For the past month I’ve been working almost daily on a long essay, or series of essays—I’m not sure which yet; I have some ideas of eventual form but it will depend on what I find out, where the ideas lead me. It’s writing that takes me back nearly four and half decades and some of it is painful. Things happened and I’m revisiting them. For a little while, it felt like an aspect of myself was taken from me, if that doesn’t sound too dramatic. In the back of my mind, for years, there’s been a small voice asking me what I’m going to do about it. Something extraordinary was given to me, too. I need to say that. And over the years, what was taken and given has changed. Sometimes writing is like swimming in deep and unknown water. How deep is it? What else is there? What about the currents? A strong swimmer knows she has the ability to stay afloat, buoyant in the turbulence, if it arrives. I’m not a good swimmer but I am strong and at this point in the writing, I am ready for the deep.
I said I am still figuring out the form for this work. Because it’s about paintings, I might trying to “curate” the arrangement of sections to reflect how they might appear in a gallery. But chronological or thematic? Sparse or cluttered? And it’s also about time: then and now. 1978 and the present, with pauses along the way. It’s also about perspective. Two voices, at least two, talking through the decades. Maybe three voices. A call and response? I want music in this writing. In some ways it’s a fugue. It’s contrapuntal.
I gave a presentation a few weeks ago on the essay and when I read my notes now, about essays in general, I see that in some ways I was working through how to organize this writing in particular. It doesn’t matter how long it is. Essays can be brief and they can go on forever. They can start with some paint on the tip of a brush in 1978 and like a fugue, they can introduce the subject, in several voices, in several pitches, they can provide a connecting passage or episode, the voices alternating, building, repeating and returning, false entries, strettos responding and interrupting, and then they can conclude with a coda, reminding us of the themes, the variations.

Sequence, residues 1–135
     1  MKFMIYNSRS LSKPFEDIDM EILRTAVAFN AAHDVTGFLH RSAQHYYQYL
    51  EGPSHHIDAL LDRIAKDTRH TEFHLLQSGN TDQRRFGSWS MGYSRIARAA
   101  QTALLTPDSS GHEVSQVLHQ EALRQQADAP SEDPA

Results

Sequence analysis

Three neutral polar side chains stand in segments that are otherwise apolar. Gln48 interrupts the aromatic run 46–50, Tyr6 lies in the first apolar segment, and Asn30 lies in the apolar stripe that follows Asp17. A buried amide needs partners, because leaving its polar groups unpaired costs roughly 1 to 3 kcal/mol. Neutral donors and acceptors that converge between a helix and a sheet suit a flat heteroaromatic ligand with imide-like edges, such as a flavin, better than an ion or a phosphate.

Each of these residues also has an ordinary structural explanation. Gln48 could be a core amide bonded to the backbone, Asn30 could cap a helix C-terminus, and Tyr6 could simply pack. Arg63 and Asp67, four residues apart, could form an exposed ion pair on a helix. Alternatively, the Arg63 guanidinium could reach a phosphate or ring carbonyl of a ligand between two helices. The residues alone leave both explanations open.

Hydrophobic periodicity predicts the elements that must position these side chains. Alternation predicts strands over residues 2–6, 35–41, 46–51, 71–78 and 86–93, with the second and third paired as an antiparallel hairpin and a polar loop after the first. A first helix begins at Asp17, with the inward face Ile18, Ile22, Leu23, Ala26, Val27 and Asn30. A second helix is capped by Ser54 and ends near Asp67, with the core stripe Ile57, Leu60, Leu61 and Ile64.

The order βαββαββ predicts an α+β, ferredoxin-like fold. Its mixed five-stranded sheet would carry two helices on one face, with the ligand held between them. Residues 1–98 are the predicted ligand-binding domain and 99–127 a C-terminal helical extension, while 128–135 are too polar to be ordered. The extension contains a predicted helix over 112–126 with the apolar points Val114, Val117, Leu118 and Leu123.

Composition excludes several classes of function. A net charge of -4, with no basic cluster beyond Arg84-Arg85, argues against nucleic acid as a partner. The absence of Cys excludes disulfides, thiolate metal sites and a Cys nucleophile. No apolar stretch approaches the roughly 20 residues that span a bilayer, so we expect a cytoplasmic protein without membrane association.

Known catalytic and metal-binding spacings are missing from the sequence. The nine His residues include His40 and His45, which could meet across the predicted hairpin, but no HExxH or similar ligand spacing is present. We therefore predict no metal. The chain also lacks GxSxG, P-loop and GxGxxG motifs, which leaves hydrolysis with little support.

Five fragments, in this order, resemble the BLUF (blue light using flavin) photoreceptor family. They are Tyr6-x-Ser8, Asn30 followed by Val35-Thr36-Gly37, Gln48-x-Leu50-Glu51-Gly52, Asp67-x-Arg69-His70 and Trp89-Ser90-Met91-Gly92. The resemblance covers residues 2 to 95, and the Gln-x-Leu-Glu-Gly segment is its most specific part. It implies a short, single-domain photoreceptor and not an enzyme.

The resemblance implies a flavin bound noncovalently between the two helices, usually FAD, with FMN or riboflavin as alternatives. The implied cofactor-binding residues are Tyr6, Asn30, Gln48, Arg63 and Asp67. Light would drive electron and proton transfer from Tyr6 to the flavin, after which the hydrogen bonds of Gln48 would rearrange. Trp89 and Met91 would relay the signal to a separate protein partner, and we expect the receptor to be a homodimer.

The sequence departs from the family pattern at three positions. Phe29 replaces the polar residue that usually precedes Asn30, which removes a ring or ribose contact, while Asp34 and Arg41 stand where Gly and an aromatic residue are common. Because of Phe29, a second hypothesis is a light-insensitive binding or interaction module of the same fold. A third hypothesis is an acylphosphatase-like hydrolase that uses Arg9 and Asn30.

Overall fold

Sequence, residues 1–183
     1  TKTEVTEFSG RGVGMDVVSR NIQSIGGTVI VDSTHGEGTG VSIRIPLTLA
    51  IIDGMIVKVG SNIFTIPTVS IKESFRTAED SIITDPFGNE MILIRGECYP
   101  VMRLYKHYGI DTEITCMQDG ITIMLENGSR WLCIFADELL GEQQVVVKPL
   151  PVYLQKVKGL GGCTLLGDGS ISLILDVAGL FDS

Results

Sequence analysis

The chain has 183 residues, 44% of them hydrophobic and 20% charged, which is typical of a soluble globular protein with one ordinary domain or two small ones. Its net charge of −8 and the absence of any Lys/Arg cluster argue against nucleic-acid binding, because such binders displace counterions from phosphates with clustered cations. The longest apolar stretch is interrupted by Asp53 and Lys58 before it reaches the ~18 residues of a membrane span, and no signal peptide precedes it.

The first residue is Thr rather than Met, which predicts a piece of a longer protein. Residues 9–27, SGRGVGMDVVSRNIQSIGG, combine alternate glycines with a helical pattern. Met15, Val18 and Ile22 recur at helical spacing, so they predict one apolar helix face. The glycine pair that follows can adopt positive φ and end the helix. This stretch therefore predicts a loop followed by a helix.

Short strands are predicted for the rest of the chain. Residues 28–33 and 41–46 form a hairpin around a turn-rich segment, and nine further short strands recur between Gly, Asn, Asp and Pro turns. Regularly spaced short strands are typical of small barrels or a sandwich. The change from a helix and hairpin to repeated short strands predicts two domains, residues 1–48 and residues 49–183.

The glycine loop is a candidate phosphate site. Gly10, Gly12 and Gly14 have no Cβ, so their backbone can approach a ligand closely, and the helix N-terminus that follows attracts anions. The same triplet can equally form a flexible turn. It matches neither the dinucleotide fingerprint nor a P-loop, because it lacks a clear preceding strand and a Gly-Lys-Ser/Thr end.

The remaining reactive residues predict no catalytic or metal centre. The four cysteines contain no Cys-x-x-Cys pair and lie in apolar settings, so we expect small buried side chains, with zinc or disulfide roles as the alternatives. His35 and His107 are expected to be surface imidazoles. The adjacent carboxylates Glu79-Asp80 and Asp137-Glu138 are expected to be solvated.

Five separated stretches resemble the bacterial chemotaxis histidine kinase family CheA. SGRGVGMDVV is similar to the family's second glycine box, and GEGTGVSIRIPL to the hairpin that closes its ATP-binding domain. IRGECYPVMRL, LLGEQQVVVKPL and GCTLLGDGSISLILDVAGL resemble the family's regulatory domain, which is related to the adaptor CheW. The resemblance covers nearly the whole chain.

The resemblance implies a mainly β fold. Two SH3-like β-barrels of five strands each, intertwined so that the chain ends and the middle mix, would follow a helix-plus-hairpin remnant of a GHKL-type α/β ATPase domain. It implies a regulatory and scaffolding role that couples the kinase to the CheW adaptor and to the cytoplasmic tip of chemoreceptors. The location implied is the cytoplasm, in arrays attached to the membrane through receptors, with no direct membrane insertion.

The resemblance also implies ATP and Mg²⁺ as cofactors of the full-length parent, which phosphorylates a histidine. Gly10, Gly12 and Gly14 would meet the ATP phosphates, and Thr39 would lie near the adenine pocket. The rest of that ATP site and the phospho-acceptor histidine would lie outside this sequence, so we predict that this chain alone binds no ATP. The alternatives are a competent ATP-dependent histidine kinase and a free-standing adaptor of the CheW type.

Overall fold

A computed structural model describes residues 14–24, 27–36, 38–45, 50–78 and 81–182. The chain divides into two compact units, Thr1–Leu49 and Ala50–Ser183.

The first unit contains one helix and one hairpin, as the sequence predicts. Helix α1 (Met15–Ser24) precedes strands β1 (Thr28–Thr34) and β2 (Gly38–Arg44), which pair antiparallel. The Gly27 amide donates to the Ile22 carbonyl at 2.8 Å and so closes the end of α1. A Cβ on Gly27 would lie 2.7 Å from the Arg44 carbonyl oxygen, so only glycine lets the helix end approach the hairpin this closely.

This different seeing allows us to find essays in unlikely places. A mode of expression rather than a genre? Can a poem be an essay if it attempts, if its thinking is reflective, if it pursues the shape and restless nature of consciousness? Can an essay be embedded in a novel, a libretto, an oratorio? Can we borrow the term to use when we find ourselves reading something that is finally essayistic in a field guide, an instruction manual, notes on maps or finding aids in archives or museums? I think we can. And if we are resourceful, we’ll tuck these bright scraps into our carrier bag, our gathering basket, and wait until we have critical mass. The gardeners and magpie quilters among us know about accumulating materials in our compost bins and our stash baskets. A red square, three lengths of blue, yellow flocked with provencal flowers. A piece of ticking. Comfrey leaves, the mashed remains of grapes after making jelly, long curls of apple peel. We look and look and then one day we see something of our lives. The yellow cotton becomes the stars over our houses, the compost is an autumn’s worth of kitchen scraps – the dinners we had with friends, jam making, the pears we forgot to eat. Maybe like John Muir, we recognise that ‘When we try to pick out anything by itself, we find it hitched to everything else in the universe.’
2 thoughts on “‘When we try to pick out anything by itself, we find it hitched to everything else in the universe.’ (John Muir)”
I love that John Muir quotation!
I know! It’s perfect.